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Jimmy Butler and the Heat are ready to change the Finals conversation

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The young team is looking to shake up the Finals.

NBA: Playoffs-Boston Celtics at Miami Heat Kim Klement-USA TODAY Sports

The Los Angeles Lakers, the players, and the NBA would all have you believe that the conversation headed into the NBA Finals is that the team donning purple and gold is the team of destiny. That enough expectations equal reality that the fairy tale of winning this chip for Kobe Bryant will end like a Disney movie, with L.A. hoisting the trophy in Orlando to finish the season. That the spirit of Kobe, the legend of LeBron James, will push the Lakers over the top, to win title number 17 (although it would really be number 12 {five of those belong to Minnesota, so calm down LA}).

But Jimmy Butler (aka Jimmy Buckets) and this underrated Miami Heat team will change the narrative, just like so many of them have their entire careers.

Butler did it as the scrappy shooting guard on the Chicago Bulls, going from a tenacious defender at the end of the bench the team picked up at the back half of the 2011 draft to the two-way threat and leader of a playoff team. He changed the narrative again, when the national media labeled Butler as a locker room problem, bouncing from the Bulls to the Minnesota Timberwolves and Philadelphia 76ers, before going to the Heat. In reality, Butler was exposing flaws in young teams’ work ethic that refused to push for greatness (granted, he didn’t use the softest touch, but he is who he is).

NBA: Playoffs-Boston Celtics at Miami Heat Kim Klement-USA TODAY Sports

Bam Adebayo proved draft grades wrong when they doubted his ability to grow into a top-level big man in the NBA. One grade from the Sun-Sentinel said,

“He didn’t always rebound or play with intensity. Despite his size and athleticism, he struggled to finish over length. And while he reportedly has a nice perimeter game, he didn’t show it at Kentucky.”

Adebayo flipped the script with an incredible work ethic to transform himself into a formidable unicorn with an insistent motor.

After winning the Sixth Man of the Year award in the Big Ten conference, Duncan Robinson went undrafted, getting buried on the Heat’s G-League team before becoming a key scorer on Miami’s title run.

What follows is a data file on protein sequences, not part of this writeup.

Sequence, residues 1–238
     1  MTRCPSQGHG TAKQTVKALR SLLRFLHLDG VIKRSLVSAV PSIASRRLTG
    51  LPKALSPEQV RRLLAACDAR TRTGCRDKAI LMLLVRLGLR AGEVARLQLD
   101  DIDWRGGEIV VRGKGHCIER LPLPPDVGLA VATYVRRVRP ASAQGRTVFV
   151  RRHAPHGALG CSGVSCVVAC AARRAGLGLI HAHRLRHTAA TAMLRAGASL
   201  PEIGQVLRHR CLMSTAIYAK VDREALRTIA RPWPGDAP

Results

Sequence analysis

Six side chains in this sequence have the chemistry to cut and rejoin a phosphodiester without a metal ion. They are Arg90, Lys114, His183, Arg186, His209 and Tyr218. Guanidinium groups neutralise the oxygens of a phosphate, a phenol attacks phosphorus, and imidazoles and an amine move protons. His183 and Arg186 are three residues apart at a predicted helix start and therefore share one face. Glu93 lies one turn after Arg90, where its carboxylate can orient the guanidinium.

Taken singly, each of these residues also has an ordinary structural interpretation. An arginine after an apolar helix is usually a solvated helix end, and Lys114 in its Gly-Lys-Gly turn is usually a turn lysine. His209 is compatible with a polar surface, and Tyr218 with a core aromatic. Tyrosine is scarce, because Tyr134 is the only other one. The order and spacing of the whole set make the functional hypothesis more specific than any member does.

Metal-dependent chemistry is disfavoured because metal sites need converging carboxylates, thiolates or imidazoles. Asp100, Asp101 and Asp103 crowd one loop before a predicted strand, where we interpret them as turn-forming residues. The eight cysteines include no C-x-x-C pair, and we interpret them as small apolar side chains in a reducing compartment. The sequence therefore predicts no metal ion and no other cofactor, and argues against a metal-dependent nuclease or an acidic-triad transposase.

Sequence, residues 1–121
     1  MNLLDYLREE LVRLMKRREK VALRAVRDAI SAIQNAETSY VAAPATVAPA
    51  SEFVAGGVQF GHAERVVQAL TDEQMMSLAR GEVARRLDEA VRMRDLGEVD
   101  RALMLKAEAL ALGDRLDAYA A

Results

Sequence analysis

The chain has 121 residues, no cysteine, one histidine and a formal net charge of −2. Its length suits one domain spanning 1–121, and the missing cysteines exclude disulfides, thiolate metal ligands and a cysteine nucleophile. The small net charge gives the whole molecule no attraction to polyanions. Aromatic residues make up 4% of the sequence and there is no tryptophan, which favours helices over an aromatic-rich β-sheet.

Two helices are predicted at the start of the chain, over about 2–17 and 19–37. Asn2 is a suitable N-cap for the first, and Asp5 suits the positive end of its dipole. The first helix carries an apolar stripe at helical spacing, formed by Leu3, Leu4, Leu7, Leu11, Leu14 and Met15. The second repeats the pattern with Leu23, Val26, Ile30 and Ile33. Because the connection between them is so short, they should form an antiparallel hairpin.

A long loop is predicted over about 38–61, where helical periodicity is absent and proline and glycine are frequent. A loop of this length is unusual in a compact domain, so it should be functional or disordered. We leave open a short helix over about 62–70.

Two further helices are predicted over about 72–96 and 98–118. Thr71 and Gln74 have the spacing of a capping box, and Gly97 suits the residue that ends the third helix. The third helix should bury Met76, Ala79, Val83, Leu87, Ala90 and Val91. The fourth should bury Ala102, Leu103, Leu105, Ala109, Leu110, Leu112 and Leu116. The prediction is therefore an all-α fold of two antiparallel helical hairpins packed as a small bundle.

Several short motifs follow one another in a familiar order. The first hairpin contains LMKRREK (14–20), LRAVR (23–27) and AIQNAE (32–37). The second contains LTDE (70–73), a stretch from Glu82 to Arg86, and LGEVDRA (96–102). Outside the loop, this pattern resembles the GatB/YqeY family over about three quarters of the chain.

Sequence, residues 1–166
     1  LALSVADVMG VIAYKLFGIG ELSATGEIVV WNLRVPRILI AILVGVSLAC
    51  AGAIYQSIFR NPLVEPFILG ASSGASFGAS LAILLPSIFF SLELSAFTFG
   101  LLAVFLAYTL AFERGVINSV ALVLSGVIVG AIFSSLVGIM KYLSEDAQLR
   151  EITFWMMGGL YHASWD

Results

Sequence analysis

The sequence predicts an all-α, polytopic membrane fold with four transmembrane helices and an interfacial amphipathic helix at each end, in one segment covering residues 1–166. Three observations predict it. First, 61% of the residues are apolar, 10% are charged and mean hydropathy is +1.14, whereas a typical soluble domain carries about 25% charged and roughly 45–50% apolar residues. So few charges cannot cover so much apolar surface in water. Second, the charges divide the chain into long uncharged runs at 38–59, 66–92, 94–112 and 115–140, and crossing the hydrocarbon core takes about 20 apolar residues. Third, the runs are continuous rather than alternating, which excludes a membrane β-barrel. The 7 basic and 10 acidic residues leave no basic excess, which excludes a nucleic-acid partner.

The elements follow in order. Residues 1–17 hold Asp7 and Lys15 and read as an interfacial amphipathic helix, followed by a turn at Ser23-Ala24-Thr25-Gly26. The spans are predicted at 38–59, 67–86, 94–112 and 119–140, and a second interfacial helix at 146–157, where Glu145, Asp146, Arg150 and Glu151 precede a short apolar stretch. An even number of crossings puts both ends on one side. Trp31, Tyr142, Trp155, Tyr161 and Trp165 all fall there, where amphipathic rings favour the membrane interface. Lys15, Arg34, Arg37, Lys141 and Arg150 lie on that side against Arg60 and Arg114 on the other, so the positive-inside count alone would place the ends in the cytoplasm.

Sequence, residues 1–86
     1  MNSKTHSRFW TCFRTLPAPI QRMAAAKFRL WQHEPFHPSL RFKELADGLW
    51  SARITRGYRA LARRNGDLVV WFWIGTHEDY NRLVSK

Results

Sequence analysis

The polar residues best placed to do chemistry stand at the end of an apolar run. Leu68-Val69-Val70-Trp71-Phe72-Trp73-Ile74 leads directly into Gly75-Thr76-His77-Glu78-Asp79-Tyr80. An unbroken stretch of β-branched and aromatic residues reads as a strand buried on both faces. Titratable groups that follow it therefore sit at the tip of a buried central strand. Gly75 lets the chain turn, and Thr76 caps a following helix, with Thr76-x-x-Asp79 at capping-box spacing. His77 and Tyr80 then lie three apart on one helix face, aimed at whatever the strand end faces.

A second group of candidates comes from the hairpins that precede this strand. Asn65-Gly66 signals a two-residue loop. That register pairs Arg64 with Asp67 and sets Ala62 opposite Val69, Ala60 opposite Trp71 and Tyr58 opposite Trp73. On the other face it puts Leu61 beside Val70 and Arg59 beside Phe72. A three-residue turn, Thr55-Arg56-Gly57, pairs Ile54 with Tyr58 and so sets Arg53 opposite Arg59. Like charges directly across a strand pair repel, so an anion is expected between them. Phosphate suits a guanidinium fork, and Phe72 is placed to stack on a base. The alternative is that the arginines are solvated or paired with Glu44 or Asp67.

Players like Andre Iguodala and Jae Crowder have had long careers in the NBA before landing in Miami, turning into vital three-and-D pieces when others saw washed veterans. Goran Dragic was previously available for everyone to pluck off the Heat’s roster, spending most of the start of the 2019-2020 season on the bench behind rookie Kendrick Nunn before averaging 20.9 points and 4.7 assists in the playoffs.

NBA: Playoffs-Miami Heat at Milwaukee Bucks Kim Klement-USA TODAY Sports

This underrated Heat team is not supposed to be here. It was supposed to be the Milwaukee Bucks, following the lead of two-time MVP Giannis Antetokounmpo. Or the Boston Celtics, with the new and improved version of Paul George and Kawhi Leonard in Jaylen Brown and Jayson Tatum. Or what about the title-defending Toronto Raptors?

No. It is the Miami Heat in the final dance, a team that started out the season adopting the 3:00 a.m. workout schedule of Jimmy Buckets. It is the magic of a hard-working young squad, buying in on the standards set by grizzled veterans that preach high energy defense, wearing down the teams with supposedly more talent and more expectations.

They’ll want you to buy into the hype of an NBA Finals narrative starring a purple and gold team of destiny, but what this Finals is really about is David vs. Goliath, the Rebels vs. the Empire. This year’s Finals is about effort and determination beating out working talent.

A group of guys that everyone shared pedestrian expectations for is now pushing for a title against some of the NBA’s biggest names. Yet again, the faces on the Heat are changing the narrative.

Are you paying attention?